This post marks the first from CRA’s new communications specialist, Shar Steed. Shar will be a frequent contributor to the Computing Research Policy blog and is the new force behind CRA’s communications efforts. Shar joins us from the AAAS Science and Technology Policy Fellows program where she handled communications and marketing duties, and can be reached at email@example.com.
Last month CRA joined ACM, SIAM and IEEE, to send a letter to Congress and federal policymakers to bring attention to how proposed restrictions on federal employees attending scientific conferences would negatively effect scientific collaborations.
The letter encouraged policymakers to designate scientific, technical and education meetings as exempt from the federal policy on conference spending. It is crucial for scientists and engineers working in the government to attend these meeting to interact with other professionals and stay current in their fields.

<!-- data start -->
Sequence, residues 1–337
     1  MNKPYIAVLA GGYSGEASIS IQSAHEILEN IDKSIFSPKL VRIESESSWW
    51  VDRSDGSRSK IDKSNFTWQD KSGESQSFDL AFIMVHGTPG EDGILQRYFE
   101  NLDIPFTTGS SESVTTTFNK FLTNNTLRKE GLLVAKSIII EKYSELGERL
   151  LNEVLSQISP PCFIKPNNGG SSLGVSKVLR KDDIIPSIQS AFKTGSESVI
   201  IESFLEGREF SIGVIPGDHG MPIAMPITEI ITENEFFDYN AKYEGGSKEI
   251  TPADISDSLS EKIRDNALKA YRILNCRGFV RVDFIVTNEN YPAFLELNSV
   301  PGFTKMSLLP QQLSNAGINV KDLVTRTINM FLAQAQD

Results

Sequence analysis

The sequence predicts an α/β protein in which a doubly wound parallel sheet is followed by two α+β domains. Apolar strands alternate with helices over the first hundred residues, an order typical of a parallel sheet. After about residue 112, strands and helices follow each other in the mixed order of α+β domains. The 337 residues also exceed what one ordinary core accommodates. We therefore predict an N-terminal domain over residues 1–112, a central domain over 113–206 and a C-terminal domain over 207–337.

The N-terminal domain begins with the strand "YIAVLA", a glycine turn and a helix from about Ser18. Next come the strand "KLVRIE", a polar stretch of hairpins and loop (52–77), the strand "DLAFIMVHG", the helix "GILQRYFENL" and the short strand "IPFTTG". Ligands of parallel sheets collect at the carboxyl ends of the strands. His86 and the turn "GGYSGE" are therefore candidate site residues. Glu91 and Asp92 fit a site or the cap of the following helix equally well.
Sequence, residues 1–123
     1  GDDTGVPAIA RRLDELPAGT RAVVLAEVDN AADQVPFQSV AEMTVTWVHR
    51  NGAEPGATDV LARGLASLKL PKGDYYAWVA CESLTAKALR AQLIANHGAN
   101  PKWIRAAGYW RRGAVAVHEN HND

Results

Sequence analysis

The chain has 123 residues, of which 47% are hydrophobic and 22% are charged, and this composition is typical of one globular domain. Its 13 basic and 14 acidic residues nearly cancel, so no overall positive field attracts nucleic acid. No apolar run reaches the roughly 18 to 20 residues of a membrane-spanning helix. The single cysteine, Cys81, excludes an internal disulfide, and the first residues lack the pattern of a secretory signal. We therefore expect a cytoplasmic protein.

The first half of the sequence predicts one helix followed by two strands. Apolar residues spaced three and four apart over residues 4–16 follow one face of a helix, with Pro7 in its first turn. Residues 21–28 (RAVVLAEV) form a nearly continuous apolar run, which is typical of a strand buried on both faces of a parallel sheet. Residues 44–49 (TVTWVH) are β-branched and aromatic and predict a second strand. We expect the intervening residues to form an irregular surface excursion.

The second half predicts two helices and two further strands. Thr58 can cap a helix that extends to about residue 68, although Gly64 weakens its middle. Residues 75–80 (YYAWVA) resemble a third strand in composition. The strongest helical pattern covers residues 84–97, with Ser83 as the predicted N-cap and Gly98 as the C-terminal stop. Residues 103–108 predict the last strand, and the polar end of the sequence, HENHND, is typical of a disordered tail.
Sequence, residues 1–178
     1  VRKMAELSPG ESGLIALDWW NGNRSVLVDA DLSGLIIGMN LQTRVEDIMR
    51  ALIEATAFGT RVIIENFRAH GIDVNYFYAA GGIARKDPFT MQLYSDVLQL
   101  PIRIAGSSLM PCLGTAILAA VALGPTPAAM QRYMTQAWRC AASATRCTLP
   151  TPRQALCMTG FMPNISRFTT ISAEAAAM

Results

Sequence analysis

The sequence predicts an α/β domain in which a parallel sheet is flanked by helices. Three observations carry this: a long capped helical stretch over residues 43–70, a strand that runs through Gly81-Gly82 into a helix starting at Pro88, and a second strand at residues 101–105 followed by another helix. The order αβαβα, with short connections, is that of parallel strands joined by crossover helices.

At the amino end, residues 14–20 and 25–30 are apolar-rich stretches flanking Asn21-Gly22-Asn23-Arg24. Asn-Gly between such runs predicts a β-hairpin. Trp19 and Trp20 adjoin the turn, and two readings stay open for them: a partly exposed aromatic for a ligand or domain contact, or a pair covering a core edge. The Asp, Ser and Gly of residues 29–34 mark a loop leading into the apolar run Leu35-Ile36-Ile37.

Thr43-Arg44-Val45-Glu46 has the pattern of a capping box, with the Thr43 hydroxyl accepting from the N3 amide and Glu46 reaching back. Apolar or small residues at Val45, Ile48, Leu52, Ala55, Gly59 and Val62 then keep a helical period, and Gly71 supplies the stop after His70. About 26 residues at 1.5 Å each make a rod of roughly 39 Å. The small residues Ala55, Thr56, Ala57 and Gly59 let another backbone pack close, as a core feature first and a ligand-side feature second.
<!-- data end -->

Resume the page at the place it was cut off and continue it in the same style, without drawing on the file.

The combined efforts have not gone unnoticed. On Tuesday, an article in the science section of the New York Times, brought further attention to this critical issue.
The article detailed how the policy is currently affecting the computing community. For example, the number of Department of Energy employees attending the 2012 Supercomputing Conference, which takes place next month, has decreased 30 percent compared to last year. Additionally, this year none of the department’s 12 labs will have booths in the exhibit hall where they have traditionally used the opportunity to demonstrate their latest projects.
Several scientific associations have also expressed concerns on the policy, which has already been passed in the House of Representatives. Increased public exposure to the issue is essential to discourage the Senate from passing it as well.